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Could the Senate actually achieve something on gun control?

Despite the harsh realities of Senate arithmetic, there are signs that Democrats and even some of their Republican colleagues have been galvanised into making a serious attempt to get some kind of legislation passed

Eric Garcia
Thursday 26 May 2022 14:58 BST
Chuck Schumer on Capitol Hill
Chuck Schumer on Capitol Hill (Getty Images)

As the political fallout from the elementary school massacre in Uvalde spread, Senate Majority Leader Chuck Schumer initially said that Democrats would not hold any votes on gun legislation in response to the murder of 19 children and two adults by a lone 18-year-old gunman. The Democratic leader said that “Americans can cast their vote in November” and said that Republican collaboration was “Unlikely – burnt in the past – but their hearts might see what has happened and join us, do the right thing.”

Mr Schumer’s words seemed resigned, a tacit admission that Democrats simply don’t have the votes to pass gun legislation. But then something happened that could be considered nothing short of miraculous: Senator Kyrsten Sinema, the taciturn Democrat from Arizona who seems to take pride in obstructing her party’s plans, spoke to reporters.

For those outside Washington, Ms Sinema almost never acknowledges the press when she heads to the Senate for votes. But Jake Sherman of Punchbowl News tweeted that when he asked Ms Sinema about the filibuster yesterday, she replied: “Despite the fact that there is always heated rhetoric here in DC, I do think that there’s a real opportunity to actually have conversations and try and do something.”

That is, of course, self-serving word salad. Plenty of the rhetoric about gun legislation came from outside Washington, while the chamber that sometimes calls itself the World’s Greatest Deliberative Body often seems perfectly content to allow the status quo to persist. And yet, there were just enough rumblings on the Senate side (House members are out for a district work week) to allow Mr Schumer to do a 180 and say the Senate will in fact vote on gun legislation. And whatever made him decide to do it, some of the chamber’s members are pushing ahead.

“Gun legislation is always uphill,” Senator Richard Blumenthal of Connecticut, one of the most outspoken voices on gun legislation, told your dispatcher. “So I can’t use the word ‘confident’. But I’m hopeful. I have to be hopeful to go to work every day.”

Pennsylvania Republican Pat Toomey, who along with West Virginia Democrat Joe Manchin mounted the Senate’s last major push on gun legislation, told Manu Raju of CNN that he didn’t know how many Republican votes could be won for gun legislation, but he could only see a couple jumping on board.

One of those Senators is Senator Mitt Romney of Utah, who told your dispatcher he had spoken with Mr Toomey about his and Mr Manchin’s proposed legislation on background checks.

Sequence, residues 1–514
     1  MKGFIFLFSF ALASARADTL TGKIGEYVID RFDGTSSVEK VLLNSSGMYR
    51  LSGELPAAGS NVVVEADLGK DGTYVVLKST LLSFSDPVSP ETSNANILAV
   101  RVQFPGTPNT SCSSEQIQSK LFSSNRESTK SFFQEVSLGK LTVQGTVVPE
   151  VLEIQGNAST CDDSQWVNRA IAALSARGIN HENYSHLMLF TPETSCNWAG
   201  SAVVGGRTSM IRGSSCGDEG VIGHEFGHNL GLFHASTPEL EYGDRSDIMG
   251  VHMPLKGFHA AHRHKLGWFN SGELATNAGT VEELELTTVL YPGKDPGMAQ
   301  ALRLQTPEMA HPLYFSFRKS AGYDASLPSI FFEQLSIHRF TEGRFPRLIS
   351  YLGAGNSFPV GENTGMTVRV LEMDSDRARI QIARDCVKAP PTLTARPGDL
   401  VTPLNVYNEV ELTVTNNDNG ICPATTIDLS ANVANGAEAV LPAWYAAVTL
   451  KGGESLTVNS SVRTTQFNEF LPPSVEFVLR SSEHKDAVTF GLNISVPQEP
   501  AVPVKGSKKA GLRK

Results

“I’ve long felt that the federal government has responsibility for an effective background check system and if there ways to improve that, I could be supportive,” he said – adding that he hadn’t decided yet.

Still, some Democrats seemed to signal that they know this will likely end the same way their attempts to pass voting rights legislation, abortion rights or any of their other priorities ended: at best, some Republicans will join them in their efforts but not enough to break a filibuster; at worst, every Democrat will fall in line including Mr Manchin (who famously shot a climate change bill in one campaign ad) but no change to the filibuster.

(Igor Bobic at HuffPost reported that Mr Manchin called changing the filibuster “the easy way out”, asking: “What makes you think they won’t reverse it immediately if they don’t like what we do?”).

Senator Bernie Sanders, meanwhile. seemed to acknowledge the slim chances of any change. When your dispatcher asked how confident he was, he said “I’m not confident of anything. Why don’t you rephrase the question?

“You mean, do I think the United States Senate is capable of doing what the overwhelming majority of people want them to do?” he said. “I hope so. But I wouldn’t hold my breath.”

The peculiar part of the whole situation is that – as Parkland shooting survivor and gun control activist David Hogg pointed out – Democrats have the “most pro-gun reform president” in Joe Biden, who actually passed an assault weapons ban as part of the 1994 crime bill. But the Senate has changed drastically since Mr Biden was a member.

Senator Dianne Feinstein of California, who authored that assault weapons ban, seemed to echo that sentiment.

“I see all of what’s happening in the United States because of guns, and it’s deeply concerning,” she said. “It’s the one thing in American policy that is really disillusioning. That we cannot rise above that attraction. And this is the result. Part of it.”

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